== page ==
Class and type: Hamakaze class ocean liner
Tonnage: Hamakaze - 40,715 gross tons as built 1910, Amatsukaze - 42,910 gross tons as decommissioned 1939
Displacement: Hamakaze 50,281 tons as built 1910, Amatsukaze 52,281 tons as decommissioned 1939
Length: 851.5 ft (259m)
Beam: 87 ft (26m)
Draft: 29 ft (8m)
Decks: 8 main passenger decks
Installed power: 24 double-ended Scotch marine type boilers, 4 single-ended Scotch marine type boilers, 2 triple expansion reciprocating steam engines, 1 low pressure steam turbine, 34,000 shp,
Propulsion: 2 manganese bronze three bladed wing propellers, 1 manganese bronze four bladed central propeller
Speed: 23 kn (43 km/h; 26 mph)
Capacity: Hamakaze 3,012 passengers, Amatsukaze 3,281 passengers
SS Hamakaze YN290
SS Hagikaze YN291
SS Amatsukaze YN292
Brought about because of the continuous rivalry between the Zipang Heguri Pacific steamship company, and the Japanese Nippon_Yusen the, the Hamakaze, when commissioned was the largest ocean liner in the world even surpassing Great Britain's Lusitania and mauretania in terms of tonnage and overall size, she was for her time considered quite revolutionary, with her biggest claim to fame being her central air conditioning which was a first for a ship on the Pacific run.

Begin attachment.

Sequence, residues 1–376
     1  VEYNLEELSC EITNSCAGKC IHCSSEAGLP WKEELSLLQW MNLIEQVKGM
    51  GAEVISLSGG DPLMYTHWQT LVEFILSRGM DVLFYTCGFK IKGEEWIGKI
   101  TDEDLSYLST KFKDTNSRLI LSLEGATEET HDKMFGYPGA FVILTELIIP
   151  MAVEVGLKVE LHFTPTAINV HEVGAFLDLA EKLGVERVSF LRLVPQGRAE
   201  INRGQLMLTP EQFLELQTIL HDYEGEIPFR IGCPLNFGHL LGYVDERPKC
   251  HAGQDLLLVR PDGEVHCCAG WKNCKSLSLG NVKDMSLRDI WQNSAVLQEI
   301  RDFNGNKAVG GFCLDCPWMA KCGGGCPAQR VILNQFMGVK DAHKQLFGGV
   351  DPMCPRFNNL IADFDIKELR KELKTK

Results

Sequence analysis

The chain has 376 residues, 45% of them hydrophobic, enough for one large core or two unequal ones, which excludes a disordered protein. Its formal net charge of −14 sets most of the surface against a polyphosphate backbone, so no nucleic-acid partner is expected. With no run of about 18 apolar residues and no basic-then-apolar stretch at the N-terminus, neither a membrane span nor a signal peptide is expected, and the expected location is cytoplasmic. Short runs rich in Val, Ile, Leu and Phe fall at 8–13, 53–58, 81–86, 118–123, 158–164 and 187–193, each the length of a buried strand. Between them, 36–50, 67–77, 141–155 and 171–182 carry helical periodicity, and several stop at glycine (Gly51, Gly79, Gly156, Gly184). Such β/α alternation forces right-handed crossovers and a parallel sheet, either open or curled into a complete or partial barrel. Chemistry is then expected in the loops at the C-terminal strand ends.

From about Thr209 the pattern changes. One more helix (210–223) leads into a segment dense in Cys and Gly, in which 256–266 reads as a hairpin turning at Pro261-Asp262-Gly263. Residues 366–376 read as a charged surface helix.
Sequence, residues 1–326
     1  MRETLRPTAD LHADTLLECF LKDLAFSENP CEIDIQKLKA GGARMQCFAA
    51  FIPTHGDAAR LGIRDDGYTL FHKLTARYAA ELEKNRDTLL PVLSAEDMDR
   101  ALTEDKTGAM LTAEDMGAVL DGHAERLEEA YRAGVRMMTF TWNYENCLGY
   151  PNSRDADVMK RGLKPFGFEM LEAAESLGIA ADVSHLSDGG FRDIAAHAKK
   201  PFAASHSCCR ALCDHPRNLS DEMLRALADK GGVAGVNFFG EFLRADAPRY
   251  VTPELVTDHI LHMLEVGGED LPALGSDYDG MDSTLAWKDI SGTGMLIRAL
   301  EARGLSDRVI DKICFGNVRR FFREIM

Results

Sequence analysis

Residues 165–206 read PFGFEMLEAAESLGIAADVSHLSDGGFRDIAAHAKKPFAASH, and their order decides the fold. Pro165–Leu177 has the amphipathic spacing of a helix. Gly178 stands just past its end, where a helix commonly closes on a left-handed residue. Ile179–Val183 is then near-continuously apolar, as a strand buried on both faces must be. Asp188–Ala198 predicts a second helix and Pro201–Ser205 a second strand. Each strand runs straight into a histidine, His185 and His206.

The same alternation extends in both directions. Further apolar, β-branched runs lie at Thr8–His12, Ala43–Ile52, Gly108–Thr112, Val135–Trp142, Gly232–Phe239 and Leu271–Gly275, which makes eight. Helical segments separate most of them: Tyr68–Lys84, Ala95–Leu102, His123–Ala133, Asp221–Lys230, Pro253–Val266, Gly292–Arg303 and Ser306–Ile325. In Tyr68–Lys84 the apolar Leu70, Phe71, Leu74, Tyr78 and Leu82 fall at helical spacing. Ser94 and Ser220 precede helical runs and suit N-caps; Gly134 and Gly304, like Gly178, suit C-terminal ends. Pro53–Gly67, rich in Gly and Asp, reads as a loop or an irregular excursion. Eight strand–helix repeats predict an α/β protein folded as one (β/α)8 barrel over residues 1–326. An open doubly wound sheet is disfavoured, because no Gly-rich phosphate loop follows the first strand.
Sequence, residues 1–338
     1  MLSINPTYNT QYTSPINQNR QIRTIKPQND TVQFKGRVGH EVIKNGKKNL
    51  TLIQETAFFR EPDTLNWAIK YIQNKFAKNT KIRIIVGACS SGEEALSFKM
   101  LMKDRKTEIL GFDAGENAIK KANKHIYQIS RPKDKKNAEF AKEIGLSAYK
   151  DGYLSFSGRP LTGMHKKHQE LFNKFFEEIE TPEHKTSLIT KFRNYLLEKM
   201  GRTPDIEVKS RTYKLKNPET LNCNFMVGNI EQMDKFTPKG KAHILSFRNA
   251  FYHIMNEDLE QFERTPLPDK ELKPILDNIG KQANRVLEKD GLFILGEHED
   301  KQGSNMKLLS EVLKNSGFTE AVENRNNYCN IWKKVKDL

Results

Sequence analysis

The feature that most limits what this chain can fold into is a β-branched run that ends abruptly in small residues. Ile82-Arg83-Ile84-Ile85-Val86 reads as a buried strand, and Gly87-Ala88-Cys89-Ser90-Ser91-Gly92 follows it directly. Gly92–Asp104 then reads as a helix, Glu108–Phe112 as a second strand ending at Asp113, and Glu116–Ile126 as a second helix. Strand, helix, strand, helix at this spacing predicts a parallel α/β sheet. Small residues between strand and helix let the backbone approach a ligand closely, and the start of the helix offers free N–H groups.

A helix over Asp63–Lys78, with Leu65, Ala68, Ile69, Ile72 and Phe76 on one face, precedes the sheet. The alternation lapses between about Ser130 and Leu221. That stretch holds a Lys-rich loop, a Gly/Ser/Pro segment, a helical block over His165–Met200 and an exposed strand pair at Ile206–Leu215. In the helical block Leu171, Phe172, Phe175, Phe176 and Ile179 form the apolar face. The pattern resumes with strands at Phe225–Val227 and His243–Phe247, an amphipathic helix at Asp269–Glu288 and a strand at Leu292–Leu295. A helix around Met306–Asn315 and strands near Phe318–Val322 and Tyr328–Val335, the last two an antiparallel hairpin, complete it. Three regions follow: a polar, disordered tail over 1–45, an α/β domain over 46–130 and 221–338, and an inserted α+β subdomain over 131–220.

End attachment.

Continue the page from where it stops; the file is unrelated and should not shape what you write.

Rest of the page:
Her maiden voyage in April 1910 would go smoothly with her arriving in San Francisco to a large fan fair on the 16th of April 1910, she was intended to be followed by two identical sisters both of which were expected to come into Commission in 1911 and 1912, however with the sinking of the RMS Titanic on April 14th 1912, their construction was halted, however eventually that construction would begin again with several lessons learnt from the Titanic disaster been incorporated into the design with the primary one being the installation of watertight bulkheads that went all the way up to B deck and enough lifeboats for all of passengers, the first of her sisters to come into service would be SS Hagikaze, visually Hagikaze was practically identical to her sister, with the only Major difference is being being closed A deck promenade and the addition of a third class galley / general room on the poop deck.